On the heels of the U.S. Mint’s decision to phase out production of pennies next year, a partner at Andreessen Horowitz, a California-based venture capital firm, said money will be digital by 2030, Bloomberg News reported.
Kathryn Haun said cash is on its way out in the same way books and music have gone digital. Haun’s prediction is not surprising given the company’s effort to raise $450 million for Libra, a blockchain digital currency proposed by Facebook.
“There will be other entrants in this category,” Haun told the news service. “Fundamentally everybody on the planet has a need to transfer value.”
Known for its financial backing of social media companies like Facebook and Twitter, Andreessen was one of the first venture firms with a large fund dedicated to cryptocurrencies, the Financial Times reported. The company raised $350 million in 2018 for startups working on the blockchain technology underpinning digital coins.
The fund has also been one of the biggest backers of Libra and holds a seat on the association’s board.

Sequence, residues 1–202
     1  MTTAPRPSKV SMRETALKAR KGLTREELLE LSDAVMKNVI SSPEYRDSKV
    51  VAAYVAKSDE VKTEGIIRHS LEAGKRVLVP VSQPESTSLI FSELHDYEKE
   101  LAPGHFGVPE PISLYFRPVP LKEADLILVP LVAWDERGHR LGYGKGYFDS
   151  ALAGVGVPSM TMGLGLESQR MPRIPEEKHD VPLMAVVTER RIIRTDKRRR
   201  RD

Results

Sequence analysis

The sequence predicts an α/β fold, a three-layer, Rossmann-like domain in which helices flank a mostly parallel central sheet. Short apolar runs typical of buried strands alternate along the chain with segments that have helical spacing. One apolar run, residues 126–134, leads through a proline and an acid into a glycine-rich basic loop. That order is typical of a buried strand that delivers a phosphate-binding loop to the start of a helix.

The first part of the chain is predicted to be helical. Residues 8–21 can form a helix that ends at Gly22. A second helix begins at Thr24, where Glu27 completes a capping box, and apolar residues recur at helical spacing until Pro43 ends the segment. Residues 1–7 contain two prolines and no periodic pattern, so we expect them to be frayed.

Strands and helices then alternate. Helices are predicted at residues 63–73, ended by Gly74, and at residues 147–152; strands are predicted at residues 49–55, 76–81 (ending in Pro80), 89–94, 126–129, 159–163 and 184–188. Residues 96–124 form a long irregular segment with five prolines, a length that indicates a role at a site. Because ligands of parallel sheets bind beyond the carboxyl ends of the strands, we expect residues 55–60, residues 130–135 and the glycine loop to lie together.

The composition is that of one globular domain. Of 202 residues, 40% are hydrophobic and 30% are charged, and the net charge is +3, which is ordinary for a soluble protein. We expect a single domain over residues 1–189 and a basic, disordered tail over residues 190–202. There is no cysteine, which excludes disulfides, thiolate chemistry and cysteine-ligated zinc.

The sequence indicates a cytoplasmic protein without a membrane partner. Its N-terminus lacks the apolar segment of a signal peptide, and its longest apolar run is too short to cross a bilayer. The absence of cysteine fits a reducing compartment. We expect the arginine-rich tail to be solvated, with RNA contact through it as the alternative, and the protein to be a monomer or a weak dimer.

Last month, as reported in this space, the Libra Association named Stuart Levey, a former U.S. Treasury Department executive, as its first CEO. Haun, a board member, led the search committee. The 24-member group, which includes companies and nonprofits, was formed last year by Facebook to enable its version of a global payment system.
While many venture capital firms remain wary of crypto, Bloomberg reported Andreessen recently started a second, $515 million fund, which Haun co-manages, that’s investing in cryptocurrencies and blockchain projects.
In a decade, she said, money will look like many other things that have gone digital.
“We think we already have that in services like Venmo and PayPal, but in reality that relies on physical banks’ IOUs,” she said. “In 10 years, the actual bits and bytes are going to be bearer instruments.”
Asked about the timing of Libra and its competitors, Haun said internet money is still in its infancy.
Haun was questioned about why there are few venture capital companies investing in the space and if it will change.
“It’s a real commitment,” Haun said. “You need to have a dedicated focus on crypto in order to do this because there’s so much change and so many opportunities. We are starting to see some of the more traditional venture-capital funds starting to enter into crypto. Because of regulatory considerations, a lot of them can’t hold tokens unless they register as registered investment advisors. And tokens are where it’s at right now, and where it’s going.”
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